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Van Evera: Offense, defense, and the causes of war

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Van Evera. 1998. Offense, defense, and the causes of war. International Security 22 (spring): 5-43.

MAIN ARGUMENT: "war is far more likely when conquest is easy... shifts in the offense-defense balance have a large effect on the risk of war" (5). The shifts in the offense-defense balance can be either real or perceived, but shifts will affect the likelihood of war.

Y = War (the costs and benefits of war, to be more specific)

X = the offense-defense balance

DETERMINANTS of the Offense-Defense Balance:

  • Military Technology and Doctrine: military technology can favor either the aggressor or the defender.
  • Geography: conquest is more difficult when states are geographically insulated from invasion or strangulation.
  • Social and Political order: popular regimes are generally better at conquest and self-defense than unpopular ones.
  • Diplomatic arrangements: three types of diplomatic arrangements strengthen the defense: collective security systems, defensive alliances, and balancing behavior by neutral states.

THEORY: Offense-Defense's Ten Explanations for War

  • Opportunistic Expansionism: when conquest is hard, aggression is dissuaded by the fear that victory will be too costly
  • Defensive Expansionism and Fierce Resistance to expansionism: when conquest is hard states with secure borders are more willing to accept the status quo.
  • Moving first is more rewarding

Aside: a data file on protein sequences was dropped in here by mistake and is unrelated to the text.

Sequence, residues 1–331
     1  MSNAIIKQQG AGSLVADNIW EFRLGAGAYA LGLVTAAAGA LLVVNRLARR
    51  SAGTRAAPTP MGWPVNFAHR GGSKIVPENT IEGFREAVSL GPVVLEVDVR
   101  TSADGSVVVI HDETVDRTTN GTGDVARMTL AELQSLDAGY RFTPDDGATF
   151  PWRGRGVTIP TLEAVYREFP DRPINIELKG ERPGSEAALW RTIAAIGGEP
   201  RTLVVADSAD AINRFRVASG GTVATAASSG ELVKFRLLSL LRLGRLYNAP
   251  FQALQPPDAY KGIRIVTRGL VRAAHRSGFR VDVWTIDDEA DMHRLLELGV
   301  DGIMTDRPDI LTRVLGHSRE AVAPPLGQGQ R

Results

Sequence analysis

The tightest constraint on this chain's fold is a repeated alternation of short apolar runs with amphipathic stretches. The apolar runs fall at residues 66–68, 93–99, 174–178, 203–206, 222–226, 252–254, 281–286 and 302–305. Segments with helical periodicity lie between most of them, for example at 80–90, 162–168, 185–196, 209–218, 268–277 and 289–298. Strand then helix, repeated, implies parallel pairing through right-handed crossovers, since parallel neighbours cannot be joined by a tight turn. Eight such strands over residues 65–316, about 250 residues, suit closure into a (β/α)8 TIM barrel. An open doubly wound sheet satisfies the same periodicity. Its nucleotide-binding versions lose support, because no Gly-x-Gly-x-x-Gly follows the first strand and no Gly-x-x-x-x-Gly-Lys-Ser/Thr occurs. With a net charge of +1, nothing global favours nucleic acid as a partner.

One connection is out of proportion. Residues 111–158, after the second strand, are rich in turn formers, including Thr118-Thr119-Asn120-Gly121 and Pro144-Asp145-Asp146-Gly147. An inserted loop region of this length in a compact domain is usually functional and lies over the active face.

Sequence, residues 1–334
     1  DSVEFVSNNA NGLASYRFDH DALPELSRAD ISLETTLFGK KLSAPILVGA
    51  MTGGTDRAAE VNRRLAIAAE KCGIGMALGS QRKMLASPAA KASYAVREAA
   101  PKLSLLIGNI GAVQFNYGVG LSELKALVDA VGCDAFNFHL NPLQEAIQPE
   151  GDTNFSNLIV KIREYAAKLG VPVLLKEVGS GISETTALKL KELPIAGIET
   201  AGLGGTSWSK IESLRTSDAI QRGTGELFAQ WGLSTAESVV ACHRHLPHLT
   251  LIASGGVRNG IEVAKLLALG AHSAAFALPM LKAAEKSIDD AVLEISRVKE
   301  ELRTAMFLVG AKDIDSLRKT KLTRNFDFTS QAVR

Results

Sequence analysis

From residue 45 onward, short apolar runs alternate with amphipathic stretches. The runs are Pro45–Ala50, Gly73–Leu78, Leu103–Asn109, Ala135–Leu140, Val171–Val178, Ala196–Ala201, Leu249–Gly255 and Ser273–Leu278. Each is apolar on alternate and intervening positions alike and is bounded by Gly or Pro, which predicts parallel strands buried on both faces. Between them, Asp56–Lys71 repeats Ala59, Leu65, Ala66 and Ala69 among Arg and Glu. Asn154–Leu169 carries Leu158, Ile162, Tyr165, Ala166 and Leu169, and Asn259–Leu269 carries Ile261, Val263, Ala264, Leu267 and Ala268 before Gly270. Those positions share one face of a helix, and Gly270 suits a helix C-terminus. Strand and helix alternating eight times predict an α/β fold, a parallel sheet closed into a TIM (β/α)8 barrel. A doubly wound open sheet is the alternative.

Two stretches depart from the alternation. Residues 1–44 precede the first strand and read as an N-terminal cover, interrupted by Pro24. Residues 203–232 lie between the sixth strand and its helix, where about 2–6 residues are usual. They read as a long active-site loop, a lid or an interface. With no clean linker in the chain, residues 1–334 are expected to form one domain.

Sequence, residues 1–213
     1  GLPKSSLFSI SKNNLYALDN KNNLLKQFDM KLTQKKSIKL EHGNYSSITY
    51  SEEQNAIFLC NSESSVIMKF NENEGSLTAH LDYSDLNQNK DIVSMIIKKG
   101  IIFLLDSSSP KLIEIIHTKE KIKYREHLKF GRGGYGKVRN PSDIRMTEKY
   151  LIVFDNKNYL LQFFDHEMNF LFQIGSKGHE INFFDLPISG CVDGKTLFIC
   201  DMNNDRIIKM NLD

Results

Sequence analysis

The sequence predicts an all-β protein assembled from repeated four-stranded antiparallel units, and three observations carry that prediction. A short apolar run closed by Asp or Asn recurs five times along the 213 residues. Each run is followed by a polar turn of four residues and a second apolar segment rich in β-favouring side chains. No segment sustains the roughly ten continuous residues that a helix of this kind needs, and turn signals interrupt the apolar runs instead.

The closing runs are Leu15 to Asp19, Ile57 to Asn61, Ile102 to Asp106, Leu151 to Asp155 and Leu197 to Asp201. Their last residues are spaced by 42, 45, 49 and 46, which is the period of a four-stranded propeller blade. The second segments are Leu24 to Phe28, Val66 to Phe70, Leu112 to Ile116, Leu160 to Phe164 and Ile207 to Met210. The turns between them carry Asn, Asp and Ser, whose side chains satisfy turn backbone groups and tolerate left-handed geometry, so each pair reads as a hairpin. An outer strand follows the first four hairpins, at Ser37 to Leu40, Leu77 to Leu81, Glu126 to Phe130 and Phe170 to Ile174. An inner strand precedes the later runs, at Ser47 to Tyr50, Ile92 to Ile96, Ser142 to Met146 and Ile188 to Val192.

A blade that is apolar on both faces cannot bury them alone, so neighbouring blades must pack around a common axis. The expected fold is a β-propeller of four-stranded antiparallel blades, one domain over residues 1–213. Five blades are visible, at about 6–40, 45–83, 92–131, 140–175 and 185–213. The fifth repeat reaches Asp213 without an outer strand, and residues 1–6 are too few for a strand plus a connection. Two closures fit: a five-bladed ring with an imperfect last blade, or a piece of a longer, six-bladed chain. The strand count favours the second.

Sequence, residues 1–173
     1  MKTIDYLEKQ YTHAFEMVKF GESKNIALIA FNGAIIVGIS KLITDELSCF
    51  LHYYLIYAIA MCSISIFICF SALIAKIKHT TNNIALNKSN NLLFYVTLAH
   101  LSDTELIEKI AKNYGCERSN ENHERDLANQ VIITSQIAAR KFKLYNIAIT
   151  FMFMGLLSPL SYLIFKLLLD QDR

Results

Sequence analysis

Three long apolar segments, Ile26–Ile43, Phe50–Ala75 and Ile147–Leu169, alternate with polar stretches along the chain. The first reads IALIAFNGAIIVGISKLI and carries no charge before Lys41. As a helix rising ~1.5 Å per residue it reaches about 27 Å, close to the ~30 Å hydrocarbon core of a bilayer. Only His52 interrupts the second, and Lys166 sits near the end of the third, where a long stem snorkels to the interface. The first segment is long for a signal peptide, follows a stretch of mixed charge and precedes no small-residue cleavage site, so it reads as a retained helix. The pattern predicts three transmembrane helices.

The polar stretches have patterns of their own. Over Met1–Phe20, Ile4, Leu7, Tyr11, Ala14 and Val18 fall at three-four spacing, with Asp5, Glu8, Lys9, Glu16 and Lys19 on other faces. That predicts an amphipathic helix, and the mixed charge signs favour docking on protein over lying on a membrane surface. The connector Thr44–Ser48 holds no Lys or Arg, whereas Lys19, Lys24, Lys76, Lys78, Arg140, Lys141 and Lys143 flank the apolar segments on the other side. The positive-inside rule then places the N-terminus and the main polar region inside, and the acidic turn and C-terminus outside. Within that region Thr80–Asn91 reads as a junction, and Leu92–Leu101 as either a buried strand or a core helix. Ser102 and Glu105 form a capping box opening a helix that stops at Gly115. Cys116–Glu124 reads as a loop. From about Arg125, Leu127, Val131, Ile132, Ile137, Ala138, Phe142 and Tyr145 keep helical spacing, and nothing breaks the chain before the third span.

• Windows are larger and more dangerous
  • Faits accomplis are more common and more dangerous
  • States negotiate less and reach fewer agreements: states let more disputes fester when the offense dominates
  • States are more secretive: information advantages lead to rewards
  • States Arms Race Harder and Faster: when defense dominates you get a "virtuous cycle" [shouldn't that say "vicious cycle"?]
  • Conquest grows still easier: offense dominance is self-reinforcing.

CASE STUDIES

Van Evera uses three case studies to check whether the predictions of Offense-Defense hold up empirically. He studies: Europe since 1789, ancient China during Spring and Autumn and Warring States eras, and the US since 1789. He claims that these cases all show variation in the (real or perceived) offense-defense balance (IV). He admits that the Chinese case study is weak, but pins it on lack of knowledge. However, Van Evera claims that the overall indications of the three studies combined support the theory.